Location of seagrass beds in estuaries: effects on associated fish and decapods

Johann D. Bell*, Aldo S. Steffe, Mark Westoby

*Corresponding author for this work

Research output: Contribution to journalArticlepeer-review

121 Citations (Scopus)


This study examined whether there were differences in abundance, species composition, and species richness of juvenile fish and decapods associated with Zostera capricorni Aschers, beds at different distances (zones) along an estuary. It also determined whether such variation was consistent between two arms of an estuary and if it occurred in different seasons. Total abundance of fish did not differ among zones or arms but abundance of decapods was often greatest near the mouth of each arm. More species of fish and decapods were caught in the lower and middle reaches of the estuary than in the upper reaches, although this depended on the arm. There were significant differences in abundances among zones for 13 of the 16 species studied separately in May, and for 17 of the 20 species examined in November/December. These differences were usually expressed as zone × arm interactions, and often occurred because individuals were absent or scare in one arm. Patterns of mean abundance among zones and arms were different for most species. Each combination of zone and arm had a distinct assemblage of fish and decapods. Artificial seagrass units (ASUs) were used to control for variation in physical complexity of Zostera among zones. There were striking similarities in patterns of abundance among zones and arms for the majority of species abundant enough for analysis in both Zostera and ASUs. We conclude that 1. (1) the location of a seagrass bed within an estuary has a significant effect on abundances of juveniles of many species of fish and decapods, 2. (2) for most species, these effects are due to the position of the bed, not to its size, shape, leaf height or leaf density, and 3. (3) the most likely cause of these effects is variation in distribution and availability of competent larvae.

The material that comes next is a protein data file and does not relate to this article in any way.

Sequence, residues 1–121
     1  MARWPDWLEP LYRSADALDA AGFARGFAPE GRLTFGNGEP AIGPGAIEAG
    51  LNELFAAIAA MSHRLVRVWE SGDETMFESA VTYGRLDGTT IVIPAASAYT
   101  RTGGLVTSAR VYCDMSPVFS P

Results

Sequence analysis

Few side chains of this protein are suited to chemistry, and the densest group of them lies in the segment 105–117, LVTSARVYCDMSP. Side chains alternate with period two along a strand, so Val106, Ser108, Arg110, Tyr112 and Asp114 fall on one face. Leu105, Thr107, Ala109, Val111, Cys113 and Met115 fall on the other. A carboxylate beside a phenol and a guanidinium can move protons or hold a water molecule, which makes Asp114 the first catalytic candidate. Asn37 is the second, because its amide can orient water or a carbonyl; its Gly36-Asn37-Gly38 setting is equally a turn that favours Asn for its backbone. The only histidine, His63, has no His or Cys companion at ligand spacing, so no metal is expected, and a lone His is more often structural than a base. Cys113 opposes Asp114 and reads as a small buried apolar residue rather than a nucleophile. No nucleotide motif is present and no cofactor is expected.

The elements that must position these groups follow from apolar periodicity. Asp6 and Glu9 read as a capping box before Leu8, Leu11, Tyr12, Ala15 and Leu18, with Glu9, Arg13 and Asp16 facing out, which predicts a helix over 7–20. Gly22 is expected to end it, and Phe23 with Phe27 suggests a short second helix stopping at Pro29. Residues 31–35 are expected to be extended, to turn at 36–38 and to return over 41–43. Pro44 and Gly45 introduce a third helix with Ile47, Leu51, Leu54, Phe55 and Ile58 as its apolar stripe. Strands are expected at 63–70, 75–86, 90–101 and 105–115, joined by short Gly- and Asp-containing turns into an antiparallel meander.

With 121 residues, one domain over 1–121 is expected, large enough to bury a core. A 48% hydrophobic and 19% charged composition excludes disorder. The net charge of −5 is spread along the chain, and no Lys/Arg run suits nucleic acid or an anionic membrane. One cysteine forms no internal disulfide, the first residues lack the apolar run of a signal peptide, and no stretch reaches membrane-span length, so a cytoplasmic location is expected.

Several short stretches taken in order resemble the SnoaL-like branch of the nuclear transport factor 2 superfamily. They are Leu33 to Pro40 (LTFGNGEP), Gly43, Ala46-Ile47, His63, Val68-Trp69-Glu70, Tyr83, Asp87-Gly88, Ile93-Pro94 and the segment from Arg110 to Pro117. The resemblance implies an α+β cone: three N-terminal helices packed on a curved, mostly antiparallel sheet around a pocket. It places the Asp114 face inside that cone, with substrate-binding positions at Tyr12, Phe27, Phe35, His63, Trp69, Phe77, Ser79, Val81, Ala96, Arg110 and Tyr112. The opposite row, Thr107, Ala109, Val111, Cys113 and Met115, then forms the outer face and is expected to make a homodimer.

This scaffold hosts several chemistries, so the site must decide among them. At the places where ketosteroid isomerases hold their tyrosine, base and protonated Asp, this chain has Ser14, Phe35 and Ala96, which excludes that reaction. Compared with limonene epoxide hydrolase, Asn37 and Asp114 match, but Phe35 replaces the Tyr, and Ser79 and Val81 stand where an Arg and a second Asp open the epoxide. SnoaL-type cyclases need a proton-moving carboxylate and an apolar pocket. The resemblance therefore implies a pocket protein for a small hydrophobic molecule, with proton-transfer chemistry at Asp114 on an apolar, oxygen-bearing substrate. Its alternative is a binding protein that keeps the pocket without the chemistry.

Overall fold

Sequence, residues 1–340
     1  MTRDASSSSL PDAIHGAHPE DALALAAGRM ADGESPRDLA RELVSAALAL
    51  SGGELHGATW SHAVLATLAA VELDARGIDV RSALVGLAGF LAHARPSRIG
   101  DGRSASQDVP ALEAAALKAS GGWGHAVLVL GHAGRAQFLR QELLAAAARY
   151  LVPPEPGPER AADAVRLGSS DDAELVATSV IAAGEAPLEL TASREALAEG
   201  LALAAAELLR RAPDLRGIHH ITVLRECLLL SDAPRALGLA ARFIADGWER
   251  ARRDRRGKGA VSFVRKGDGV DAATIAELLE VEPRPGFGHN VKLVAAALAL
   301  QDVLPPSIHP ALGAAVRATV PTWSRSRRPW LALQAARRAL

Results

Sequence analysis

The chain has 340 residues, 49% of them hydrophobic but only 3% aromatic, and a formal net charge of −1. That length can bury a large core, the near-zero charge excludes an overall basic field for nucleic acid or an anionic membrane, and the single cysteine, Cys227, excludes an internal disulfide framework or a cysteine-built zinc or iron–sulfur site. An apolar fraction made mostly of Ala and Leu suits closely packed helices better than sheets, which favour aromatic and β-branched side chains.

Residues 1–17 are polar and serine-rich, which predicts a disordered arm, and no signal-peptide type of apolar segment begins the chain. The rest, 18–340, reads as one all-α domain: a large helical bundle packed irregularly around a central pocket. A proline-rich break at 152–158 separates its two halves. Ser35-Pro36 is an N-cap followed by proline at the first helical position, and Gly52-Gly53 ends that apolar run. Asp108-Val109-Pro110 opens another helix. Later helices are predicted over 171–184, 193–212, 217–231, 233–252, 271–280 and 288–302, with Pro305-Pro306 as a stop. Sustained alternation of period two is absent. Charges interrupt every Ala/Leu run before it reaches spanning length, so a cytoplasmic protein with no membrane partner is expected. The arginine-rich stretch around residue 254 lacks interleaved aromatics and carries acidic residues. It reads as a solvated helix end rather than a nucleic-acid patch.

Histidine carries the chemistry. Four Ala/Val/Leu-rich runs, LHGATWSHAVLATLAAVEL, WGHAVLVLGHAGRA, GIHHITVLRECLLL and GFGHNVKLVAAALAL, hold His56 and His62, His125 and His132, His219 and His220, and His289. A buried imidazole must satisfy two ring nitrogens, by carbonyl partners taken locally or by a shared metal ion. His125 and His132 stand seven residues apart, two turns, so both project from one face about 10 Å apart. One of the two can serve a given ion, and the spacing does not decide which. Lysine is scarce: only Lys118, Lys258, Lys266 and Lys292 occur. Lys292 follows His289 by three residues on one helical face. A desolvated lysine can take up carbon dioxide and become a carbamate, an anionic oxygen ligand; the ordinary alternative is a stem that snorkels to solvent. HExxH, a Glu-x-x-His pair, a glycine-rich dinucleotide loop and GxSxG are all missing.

Original languageEnglish
Pages (from-to)127-146
Number of pages20
JournalJournal of Experimental Marine Biology and Ecology
Issue number2
Publication statusPublished - 18 Oct 1988


  • Artificial seagrass
  • Distance effect
  • Habitat complexity
  • Settlement of larvae
  • Spatial scale
  • Zostera


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